I hope this Jam is gonna last.
Jams! I say traffic jam thought about this jam for years! An idea real jam in a jar. Called traffic jam!!! First colour green bright green like grass that you would see in the traffic.bright lime flavor jam in the jar called Jill's jar!!!! Filled quarter way up .then amber!!!!! Witch will defiantly be the mighty orange layer the jam over green and we get a traffic light.last of all the best some might say. layed again over the orange we put red well done we have traffic lights.red is strawberry jam the sweetest ever.we have light!!!! Let it be a smooth taste and ride be beep....... By Jill hodosi
As a lad growing up in a crowded city area shortly after the war, I was always getting into scrapes. The highlight of my year, however, was when I was packed off to Auntie Mabel's and Uncle Sid's house in Yorkshire for 3 weeks of the summer holiday. I rarely got into trouble there as I had constant attention and so much fun. Rarely, that is, but not never. There was that time...... Well, I'll tell you.
Each morning, after a fabulous breakfast cooked by Auntie Mabel, Uncle Sid would turn to me and say,
"Now, my boy, what shall we do today? Go for a swim? Fish in the beck? Run on the moors? Play cricket on the village green? Climb a steep hill? Explore the castle ruins? You choose." And I would.
Auntie Mabel would pack us a picnic and off we would go, just Uncle Sid and I. Auntie Mabel rarely came with us, although we always invited her.
"No," she'd usually say, "You two go and enjoy yourselves in the fresh air. I've got plenty to do here and can get on better with no-one under my feet".
Uncle Sid and I always had a wonderful day and got back in time for tea. I did sometimes wonder, though, what Auntie Mabel got up to on those long, summer days on her own. When I trudged back into her kitchen, tired and muddy but immensely happy, she'd hug me to her and remark on my suntanned face and arms and how much healthier I looked than when I'd arrived from the city.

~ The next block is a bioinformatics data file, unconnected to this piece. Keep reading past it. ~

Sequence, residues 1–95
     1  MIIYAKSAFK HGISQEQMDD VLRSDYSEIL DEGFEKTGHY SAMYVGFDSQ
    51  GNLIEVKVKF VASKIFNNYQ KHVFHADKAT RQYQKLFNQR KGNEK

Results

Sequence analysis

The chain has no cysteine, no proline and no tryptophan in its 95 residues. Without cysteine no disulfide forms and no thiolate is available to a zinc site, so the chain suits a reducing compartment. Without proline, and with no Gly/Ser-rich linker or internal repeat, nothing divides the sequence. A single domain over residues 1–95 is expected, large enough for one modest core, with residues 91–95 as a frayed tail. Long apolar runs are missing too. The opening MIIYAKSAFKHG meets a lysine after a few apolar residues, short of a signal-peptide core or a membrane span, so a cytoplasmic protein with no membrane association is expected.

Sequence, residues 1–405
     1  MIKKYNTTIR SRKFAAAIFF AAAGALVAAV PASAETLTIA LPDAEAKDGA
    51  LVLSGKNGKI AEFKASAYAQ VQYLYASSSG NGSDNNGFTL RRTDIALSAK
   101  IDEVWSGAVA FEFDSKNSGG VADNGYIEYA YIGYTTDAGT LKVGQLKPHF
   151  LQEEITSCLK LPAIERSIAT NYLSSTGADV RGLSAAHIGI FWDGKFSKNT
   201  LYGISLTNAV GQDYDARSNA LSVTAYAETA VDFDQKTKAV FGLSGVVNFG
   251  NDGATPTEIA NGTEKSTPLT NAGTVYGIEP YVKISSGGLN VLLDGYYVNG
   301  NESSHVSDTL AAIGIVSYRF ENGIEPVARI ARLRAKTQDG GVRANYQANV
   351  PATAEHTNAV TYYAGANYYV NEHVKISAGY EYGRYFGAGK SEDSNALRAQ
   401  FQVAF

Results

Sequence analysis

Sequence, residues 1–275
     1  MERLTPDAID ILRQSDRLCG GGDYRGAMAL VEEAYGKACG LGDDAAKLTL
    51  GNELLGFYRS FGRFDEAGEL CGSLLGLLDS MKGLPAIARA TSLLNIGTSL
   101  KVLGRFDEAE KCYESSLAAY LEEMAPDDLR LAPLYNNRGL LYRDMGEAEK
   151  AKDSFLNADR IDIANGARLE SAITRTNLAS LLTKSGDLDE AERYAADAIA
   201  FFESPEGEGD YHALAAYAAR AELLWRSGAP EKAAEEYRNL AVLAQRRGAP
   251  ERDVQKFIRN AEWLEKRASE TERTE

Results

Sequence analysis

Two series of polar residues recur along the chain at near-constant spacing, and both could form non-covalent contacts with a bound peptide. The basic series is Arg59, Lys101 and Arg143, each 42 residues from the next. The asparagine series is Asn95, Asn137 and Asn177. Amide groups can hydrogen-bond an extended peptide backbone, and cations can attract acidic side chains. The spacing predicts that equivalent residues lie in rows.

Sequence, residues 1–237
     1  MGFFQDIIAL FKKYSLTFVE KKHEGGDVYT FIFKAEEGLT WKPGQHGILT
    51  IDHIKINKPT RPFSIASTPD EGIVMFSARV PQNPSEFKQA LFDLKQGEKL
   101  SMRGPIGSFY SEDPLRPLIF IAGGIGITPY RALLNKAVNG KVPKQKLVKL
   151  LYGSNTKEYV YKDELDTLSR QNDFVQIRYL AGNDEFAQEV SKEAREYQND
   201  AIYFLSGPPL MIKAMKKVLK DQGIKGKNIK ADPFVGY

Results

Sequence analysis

I looked around the kitchen for clues as to what she'd been doing, It smelt good, warm and cosy, with our tea cooking, too, but it was as clean and tidy as the rest of the house. If I asked her, she might say, "Oh, this and that, you know, cooking and things to do in the house and garden."
Then, one night in the third summer I spent there, I got too hot in bed and crept down in the night, for a cup of water. In the long hallway of that large, silent house, I noticed that a door, which had always been locked before, was very slightly open. Curious, I touched it gently and as it slowly opened I slipped inside. There were a few steps down into a cold, dark cellar, with just enough moonlight seeping through some vents so that, when my eyes adjusted, I could see several shelves with rows of bottles of homemade wine. That didn't surprise me, really, as I had seen Uncle Sid some evenings tending to his gurgling demi-johns and he'd explained to me about fermentation and how wine was made.
Gaining confidence, I crept on past the wine to another door. I entered a large pantry that had shelves covering all it walls. The shelves, to my astonishment, we're almost full of jars and jars and jars of jam! Jams of every flavour and colour imaginable, by a young boy, anyway. All my favourites: plum, strawberry, blackcurrant and raspberry, plus many I had never heard of: marrow and ginger, for instance, apple, rhubarb and lavender, apricot and cinnamon and pear with gooseberry. Ah, it dawned on me, so that's what Auntie Mabel did on those summer days, making the kitchen so warm and sweet smelling in the process! I smiled at my newfound knowledge.
Then the smile disappeared as I heard an soft, eerie sound from the wine cellar behind me. Ooo! Oooh! Oooooh! Oooooooh! I froze to the spot. There was no way of escaping from that larder other than back where that noise was coming from. What could I do?
Then I heard a familiar laugh.
"Uncle Sid!" I cried as I fell into his arms. "Was that you pretending to be a ghost?".
"Just a bit of fun, my boy" he giggled. I heard someone come down here. Thought it was a cat burglar, but I see it's a jam burglar!"
"But I didn’t touch anything, Uncle Sid. Honest I didn't! I was just surprised to see all that jam. Did Auntie Mabel make it all?"
"She certainly did, my boy, but we'd better not touch it. She has to decide which jars to enter into the local shows before we're allowed to eat any. So please don't ever come in here again. It's usually locked anyway. Now, let's just go to the kitchen and get ourselves some drinks, before we wake up Auntie Mabel!"
Maybe it's as well Uncle Sid discovered me before I got into a sticky situation.